South Korea has a population of about 49 million people, as of 2009. This country is considered one of the densest in Asian and world standards, with 494 people per square meters. The majority of Koreans live in the western and southern parts of the country. Ever since the 1960’s, urbanization has been a trend, and a majority of the people are emigrating from rural to urban areas for better living opportunities.
South Korea comprises the southern part of the peninsula of Korea. North and South Korea are separated by a two-and-a-half demilitarized zone. South Korea covers about 99,000 square meters of land or about 44 percent of the total area of Korea. The most prominent island in South Korea is the Jeju Island, with a land area of 1,825 square meters. Two other major islands are Ganghwa and Ulleung.
The geography of South Korea is ideal for the production of tungsten, graphite, coals and lead and has enough resources to provide hydropower. Additionally, there is enough rainfall throughout the year for the cultivation and development of agriculture and, unlike many neighboring countries, typhoons are not that frequent.
According to early history, Korea was discovered back in 2333 B.C. During this time, both North and South Korea were united by the son of the god spirit Hwanung. The Korean War, however, divided Korea into two separate states, each with their own governments and very different political systems.
During the following years, South Korea had alternating governments, going from autocratic to democratic. During the 6th Republic, South Korea was able to attain a liberal democracy and gradually became a stable country. In the 1950’s South Korea received financial support from the United States, who attempted to strengthen the Southern state in counter to its northern sister.
Today, South Korea has come a long way and has progressed greatly. It is socially active among Asian countries and is economically doing well. In fact, it now ranks 11th on the list of the most economically progressive countries in the world. The diligent inhabitants of South Korea contribute much to its rapid progress.
One of the largest emerging aspects of the South Korean economy is its tourism. In fact, today, it is truly one of the hottest destinations in the world, and very popular with Americans who want to discover the beauty of this Asian country. It has gained much popularity ever since it started progressing economically. Some famous attractions include:
1. Jeju-Do— this place has become a popular destination especially for honeymooners. The people of Jeju have maintained a long list of traditions that have long disappeared from the mainland of South Korea. The climate in the Jeju Island is relatively warmer and more humid than the rest of South Korea.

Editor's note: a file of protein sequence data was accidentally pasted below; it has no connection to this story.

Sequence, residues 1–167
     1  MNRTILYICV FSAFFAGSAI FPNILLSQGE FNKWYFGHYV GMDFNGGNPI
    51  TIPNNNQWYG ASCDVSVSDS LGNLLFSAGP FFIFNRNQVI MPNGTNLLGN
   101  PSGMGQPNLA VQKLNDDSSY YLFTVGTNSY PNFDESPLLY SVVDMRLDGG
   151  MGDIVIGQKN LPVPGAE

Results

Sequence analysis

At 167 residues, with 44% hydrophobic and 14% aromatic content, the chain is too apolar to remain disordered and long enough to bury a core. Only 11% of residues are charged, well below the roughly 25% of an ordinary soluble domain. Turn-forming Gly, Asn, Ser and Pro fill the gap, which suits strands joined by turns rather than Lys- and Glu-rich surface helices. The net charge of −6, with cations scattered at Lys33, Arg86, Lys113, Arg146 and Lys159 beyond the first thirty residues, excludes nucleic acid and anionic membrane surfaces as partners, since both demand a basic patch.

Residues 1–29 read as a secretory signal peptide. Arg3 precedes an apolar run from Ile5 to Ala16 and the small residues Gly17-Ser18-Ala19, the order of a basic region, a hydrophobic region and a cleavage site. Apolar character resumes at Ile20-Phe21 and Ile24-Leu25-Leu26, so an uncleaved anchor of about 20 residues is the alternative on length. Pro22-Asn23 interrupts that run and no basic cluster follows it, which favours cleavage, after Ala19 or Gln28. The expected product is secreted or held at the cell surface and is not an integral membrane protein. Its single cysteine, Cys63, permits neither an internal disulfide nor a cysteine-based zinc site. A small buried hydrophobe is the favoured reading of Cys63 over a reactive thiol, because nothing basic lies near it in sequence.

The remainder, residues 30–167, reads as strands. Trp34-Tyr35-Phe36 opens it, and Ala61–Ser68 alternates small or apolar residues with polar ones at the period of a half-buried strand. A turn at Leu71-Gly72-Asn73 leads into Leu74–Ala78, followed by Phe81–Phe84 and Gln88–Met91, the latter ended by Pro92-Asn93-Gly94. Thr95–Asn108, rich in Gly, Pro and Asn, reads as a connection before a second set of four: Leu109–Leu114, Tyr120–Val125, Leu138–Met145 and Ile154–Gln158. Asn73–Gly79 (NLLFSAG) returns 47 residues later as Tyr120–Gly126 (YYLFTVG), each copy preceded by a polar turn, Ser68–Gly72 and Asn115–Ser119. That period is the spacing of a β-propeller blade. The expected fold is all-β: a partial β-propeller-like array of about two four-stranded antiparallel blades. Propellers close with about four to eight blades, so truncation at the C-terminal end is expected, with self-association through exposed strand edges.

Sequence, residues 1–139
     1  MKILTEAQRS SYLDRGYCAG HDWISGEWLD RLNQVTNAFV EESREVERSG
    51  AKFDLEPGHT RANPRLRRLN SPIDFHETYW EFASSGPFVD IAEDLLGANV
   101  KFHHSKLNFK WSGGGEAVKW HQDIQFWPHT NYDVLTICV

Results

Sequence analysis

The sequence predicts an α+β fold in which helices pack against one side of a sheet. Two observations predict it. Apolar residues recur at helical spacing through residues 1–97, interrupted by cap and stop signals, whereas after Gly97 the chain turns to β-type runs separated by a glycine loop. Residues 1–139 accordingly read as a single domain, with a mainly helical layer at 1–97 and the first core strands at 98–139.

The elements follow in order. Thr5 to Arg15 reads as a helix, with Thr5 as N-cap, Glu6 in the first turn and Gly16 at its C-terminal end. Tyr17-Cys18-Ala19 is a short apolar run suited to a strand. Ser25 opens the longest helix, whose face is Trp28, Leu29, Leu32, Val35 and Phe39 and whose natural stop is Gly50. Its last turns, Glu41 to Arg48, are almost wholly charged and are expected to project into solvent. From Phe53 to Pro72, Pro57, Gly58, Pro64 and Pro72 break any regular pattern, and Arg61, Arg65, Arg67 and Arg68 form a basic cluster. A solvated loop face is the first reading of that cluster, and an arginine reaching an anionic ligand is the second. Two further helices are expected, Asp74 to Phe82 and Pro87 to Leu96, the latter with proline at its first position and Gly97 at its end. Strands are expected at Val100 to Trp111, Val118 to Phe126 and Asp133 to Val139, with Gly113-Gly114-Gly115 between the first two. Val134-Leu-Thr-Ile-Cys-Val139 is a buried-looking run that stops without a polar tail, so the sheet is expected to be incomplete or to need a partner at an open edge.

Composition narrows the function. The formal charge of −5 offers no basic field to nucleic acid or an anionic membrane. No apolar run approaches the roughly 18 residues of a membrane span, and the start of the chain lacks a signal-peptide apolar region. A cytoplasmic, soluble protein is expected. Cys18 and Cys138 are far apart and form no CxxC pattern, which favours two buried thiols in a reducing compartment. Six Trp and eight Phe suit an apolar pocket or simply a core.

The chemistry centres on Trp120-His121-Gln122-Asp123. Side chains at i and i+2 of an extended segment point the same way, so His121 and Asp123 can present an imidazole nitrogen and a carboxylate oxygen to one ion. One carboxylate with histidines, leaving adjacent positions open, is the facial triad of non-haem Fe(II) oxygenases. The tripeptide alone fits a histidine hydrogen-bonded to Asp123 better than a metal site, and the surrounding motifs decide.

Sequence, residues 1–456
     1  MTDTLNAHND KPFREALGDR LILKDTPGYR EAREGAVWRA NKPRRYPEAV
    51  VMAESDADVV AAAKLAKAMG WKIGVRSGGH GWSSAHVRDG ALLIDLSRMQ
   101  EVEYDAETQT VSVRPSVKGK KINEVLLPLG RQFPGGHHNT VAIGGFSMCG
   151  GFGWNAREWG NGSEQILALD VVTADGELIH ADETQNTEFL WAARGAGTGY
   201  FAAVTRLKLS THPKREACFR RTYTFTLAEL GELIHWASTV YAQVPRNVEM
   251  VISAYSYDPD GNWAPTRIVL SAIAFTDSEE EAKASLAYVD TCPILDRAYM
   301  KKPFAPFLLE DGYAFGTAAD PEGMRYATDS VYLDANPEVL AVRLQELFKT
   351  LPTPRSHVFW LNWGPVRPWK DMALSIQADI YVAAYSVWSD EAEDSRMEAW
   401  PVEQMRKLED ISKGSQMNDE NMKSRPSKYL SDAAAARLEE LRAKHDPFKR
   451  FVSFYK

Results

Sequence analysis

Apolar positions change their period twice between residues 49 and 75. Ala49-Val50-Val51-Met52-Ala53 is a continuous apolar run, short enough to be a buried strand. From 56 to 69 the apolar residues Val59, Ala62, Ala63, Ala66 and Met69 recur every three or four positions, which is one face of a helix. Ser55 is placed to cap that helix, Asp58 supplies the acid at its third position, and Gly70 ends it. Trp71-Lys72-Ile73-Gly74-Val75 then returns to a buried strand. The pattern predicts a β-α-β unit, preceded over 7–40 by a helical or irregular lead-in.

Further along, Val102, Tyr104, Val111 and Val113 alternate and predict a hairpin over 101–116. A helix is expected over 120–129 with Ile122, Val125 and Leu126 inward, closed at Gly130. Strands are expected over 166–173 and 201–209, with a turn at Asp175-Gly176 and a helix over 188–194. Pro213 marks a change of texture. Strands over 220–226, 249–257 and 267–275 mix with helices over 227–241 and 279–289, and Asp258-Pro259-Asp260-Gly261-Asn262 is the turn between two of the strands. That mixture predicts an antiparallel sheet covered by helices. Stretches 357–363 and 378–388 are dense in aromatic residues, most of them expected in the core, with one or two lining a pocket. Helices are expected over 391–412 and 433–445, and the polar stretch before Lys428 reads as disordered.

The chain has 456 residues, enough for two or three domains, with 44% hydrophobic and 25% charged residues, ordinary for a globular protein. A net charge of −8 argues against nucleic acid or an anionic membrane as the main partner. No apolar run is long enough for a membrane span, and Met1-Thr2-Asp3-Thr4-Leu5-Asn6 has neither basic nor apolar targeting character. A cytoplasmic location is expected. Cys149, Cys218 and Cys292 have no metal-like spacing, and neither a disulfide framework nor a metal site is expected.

2. The Korean Folk Village— this place gives tourists a complete view of the Korean folklore, ideal for those who do not have much time to explore the whole of South Korea. It has a Buddhist temple, a Confucian school, blacksmiths and traditional farmhouses, weaving and pottery workshops.
3. Kyongju— this is a museum without walls, and was designated by the UNESCO as one of the 10 most historical places in the world. Many traces of early temples and palaces still remain in this destination.
Nightlife in Korea is all about excitement and has a certain magic to it. There is fascinating entertainment and music for everyone. There are restaurants and bars that cater to all ages, and a whole range of activities are available from the young to even the elderly. Today, however, restaurants are required to close before midnight.
Additionally, Koreans are lovers of music, and this ranges from folk to rap, pop to rock. South Korea also has a fun way of celebrating the New Year, which beckons more and more tourists to visit this fun-filled country. The nightlife in South Korea is comparable to the best in Asia.
Korean society gives much importance to the value of family and, additionally, puts heavy emphasis on a vibrant and rich artistic community. There is a prevalent culture of creative dancing, art, music, drama, theatre, poetry and literature. The Korean culture is inspired by Confucianism, which is evident in the belief system, housing, architecture and the way of life. Although traditional, South Korea is able to cope with and integrate international trends and cultures, while still maintaining its unique identity.
Unlike many other Asian countries whose cuisines are influenced by other cultures, South Korean cuisine has developed its own varieties of flavors that suit its climate, characteristics and history. Its distinct seasons have influenced the flavors of their dishes. Koreans believe that food, although flavored with strong spices, should be in harmony and balanced. They are also concerned about overall health, which explain why the cuisine includes a heavy combination of fresh vegetables, meats and fish. One typical Korean meal is called pekpan, which consists of rice, soup and side dishes such as kimchi. On a side not, South Koreans are very particular about table settings and food preparation.